Pfizer 2011 Annual Review | Pfizer: the world's largest research-based pharmaceutical company

Engine for Sustainable Innovation

We have launched a multiyear effort to accelerate Pfizer's R&D strategy and create an Engine for Sustainable Innovation (ESI).

Pfizer has responded to today's biopharmaceutical R&D challenges with a rigorous strategy to drive steady progress towards three horizons centered on delivering the portfolio, innovating new capabilities, and creating the R&D ecosystem of the future.

In 2011, Pfizer made significant changes in our R&D model to accelerate the implementation of this strategy, create an ongoing flow of important medicines and vaccines, and improve return on invested capital. These changes reflect our commitment to:

  • Greater Focus
    Strengthening our scientific core and focusing on areas of greatest medical and commercial potential
  • Strategic Externalization
    Forging novel partnerships to access the best science and focus internal activities on those driving competitive advantage for Pfizer
  • Differentiated Innovation
    Positioning ourselves for breakthrough innovation by developing the approach and the culture to deliver the most important medicines and vaccines, with a special focus on Precision Medicine R&D—an approach to discovering and developing medicines and vaccines that deliver superior outcomes for patients, by integrating clinical and molecular information to understand the biological basis of disease

To initiate this acceleration effort, in February 2011 we selected the research areas in which we believe we can deliver the greatest medical and commercial impact. Based on these choices, we honed and prioritized our programs and portfolio. We also shifted our site network to more closely align with key hubs for science and technology, putting us in closer contact with leading biomedical research institutions and providing access to a deep talent base in the life sciences. We established new models to access the best external science and technology, and we created novel and flexible partnerships to externalize R&D services that can be done by specialized service providers enabling Pfizer to focus internal resources on the highest value activities. In making these changes, we reduced both our research site footprint and the number of vendors who provide services. Taken together, these and other changes are helping us improve Pfizer's performance as an innovator, while reducing the cost base from which we develop and deliver differentiated medicines and vaccines.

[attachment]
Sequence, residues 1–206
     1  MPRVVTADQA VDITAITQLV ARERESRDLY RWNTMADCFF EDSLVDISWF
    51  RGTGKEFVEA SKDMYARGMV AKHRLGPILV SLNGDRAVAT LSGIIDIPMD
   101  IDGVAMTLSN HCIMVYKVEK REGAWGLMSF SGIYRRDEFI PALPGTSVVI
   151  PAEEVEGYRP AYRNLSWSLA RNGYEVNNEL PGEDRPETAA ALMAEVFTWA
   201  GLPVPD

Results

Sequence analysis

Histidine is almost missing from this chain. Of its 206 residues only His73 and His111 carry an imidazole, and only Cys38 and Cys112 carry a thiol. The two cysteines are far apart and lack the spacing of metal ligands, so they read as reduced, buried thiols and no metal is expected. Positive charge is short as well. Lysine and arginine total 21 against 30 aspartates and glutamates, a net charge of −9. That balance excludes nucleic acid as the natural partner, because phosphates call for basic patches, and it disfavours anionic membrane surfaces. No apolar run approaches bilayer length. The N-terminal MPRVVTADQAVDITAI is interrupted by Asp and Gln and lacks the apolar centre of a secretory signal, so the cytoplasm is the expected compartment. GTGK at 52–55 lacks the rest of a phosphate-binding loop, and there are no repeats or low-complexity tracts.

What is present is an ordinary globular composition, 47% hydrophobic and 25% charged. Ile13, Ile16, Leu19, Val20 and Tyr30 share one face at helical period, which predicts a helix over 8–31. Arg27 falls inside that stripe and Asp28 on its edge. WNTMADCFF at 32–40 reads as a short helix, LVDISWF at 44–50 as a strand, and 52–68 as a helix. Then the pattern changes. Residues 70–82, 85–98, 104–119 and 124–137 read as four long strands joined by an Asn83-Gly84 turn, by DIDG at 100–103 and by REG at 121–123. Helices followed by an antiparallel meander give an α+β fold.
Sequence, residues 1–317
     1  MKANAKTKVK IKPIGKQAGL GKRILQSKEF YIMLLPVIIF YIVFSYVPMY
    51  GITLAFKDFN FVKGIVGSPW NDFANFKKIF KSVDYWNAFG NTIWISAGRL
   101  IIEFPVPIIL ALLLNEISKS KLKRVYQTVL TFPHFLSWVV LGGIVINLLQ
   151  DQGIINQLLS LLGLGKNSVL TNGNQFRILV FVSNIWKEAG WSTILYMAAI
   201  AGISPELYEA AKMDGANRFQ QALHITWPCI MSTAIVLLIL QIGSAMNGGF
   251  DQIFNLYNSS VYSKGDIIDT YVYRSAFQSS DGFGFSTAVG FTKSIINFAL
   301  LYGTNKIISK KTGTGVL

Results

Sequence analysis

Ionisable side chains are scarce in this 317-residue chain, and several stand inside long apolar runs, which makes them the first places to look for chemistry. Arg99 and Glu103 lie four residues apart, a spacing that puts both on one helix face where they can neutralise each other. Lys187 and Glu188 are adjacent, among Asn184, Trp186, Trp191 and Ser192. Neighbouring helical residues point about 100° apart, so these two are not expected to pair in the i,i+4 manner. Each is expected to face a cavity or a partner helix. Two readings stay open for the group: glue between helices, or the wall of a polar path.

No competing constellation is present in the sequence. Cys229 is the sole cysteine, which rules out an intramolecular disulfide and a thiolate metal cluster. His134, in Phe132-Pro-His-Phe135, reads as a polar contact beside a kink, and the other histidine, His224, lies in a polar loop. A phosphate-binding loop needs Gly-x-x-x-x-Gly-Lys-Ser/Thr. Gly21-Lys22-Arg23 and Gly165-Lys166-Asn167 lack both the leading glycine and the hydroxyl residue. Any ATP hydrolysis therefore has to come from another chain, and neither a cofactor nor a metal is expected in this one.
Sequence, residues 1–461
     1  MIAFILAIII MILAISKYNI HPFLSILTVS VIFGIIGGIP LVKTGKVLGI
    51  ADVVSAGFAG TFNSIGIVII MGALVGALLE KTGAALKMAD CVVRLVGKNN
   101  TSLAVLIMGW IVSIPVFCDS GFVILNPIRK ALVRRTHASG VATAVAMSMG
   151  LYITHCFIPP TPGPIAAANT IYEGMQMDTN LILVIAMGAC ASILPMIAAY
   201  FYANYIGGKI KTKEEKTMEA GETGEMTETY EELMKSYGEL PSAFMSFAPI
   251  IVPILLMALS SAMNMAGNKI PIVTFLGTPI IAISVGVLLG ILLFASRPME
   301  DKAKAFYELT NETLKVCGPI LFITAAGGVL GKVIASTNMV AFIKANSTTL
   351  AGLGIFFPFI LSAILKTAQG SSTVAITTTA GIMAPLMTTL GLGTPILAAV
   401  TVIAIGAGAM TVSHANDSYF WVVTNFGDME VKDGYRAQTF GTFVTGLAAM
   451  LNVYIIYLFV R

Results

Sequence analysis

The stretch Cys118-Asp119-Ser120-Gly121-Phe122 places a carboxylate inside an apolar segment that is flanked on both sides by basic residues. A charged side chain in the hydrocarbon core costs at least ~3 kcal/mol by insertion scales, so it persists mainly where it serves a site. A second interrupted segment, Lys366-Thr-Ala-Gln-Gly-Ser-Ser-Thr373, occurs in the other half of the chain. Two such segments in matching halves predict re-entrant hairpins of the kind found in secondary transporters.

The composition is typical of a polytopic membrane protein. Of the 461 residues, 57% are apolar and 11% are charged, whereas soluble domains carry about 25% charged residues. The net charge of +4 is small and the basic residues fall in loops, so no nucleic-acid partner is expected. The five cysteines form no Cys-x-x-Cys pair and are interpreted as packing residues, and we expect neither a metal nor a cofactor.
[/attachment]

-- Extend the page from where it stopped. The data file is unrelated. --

In summary, our ESI efforts reset our R&D investments in a careful manner, to create a higher return platform from which we can grow. Improving R&D return is a priority for the entire industry to sustain an innovative biopharmaceutical R&D model. It requires that we shift from a "high volume" R&D approach that was the industry paradigm for several decades to a more selective approach in which we strive to increase the value of every activity we undertake, reduce the cost of failures and increase our probability of success. That's a shift from pursuing high volume, to seeking to deliver high value. And it requires us to work differently. In the last year, Pfizer has addressed this challenge head-on.

With biomedical innovation at our core, everything we do is centered on inventing and delivering the novel medicines and vaccines that people need. That is our purpose, and it is well worth our efforts.

2011 Highlights

  • Prioritized the portfolio, providing additional resources to accelerate the most promising programs.
  • Launched a specialized research unit for pain and sensory disorders, Neusentis, located in Cambridge, U.K.
  • Discontinued 91 programs in the pre-proof-of-concept portion of our pipeline and 12 in the post-proof-of-concept portion, to focus more resources on promising drug and vaccine candidates, and found development partners or new homes for some of the assets in discontinued programs.
  • Refreshed and strengthened key research units—Cardiovascular, Metabolic and Endocrine Diseases, Inflammation and Remodeling, Immunology and Autoimmunity, Neuroscience, Oncology and Vaccines.

Horizons of Innovation

As referenced above, our R&D strategy spans three horizons, which are described below.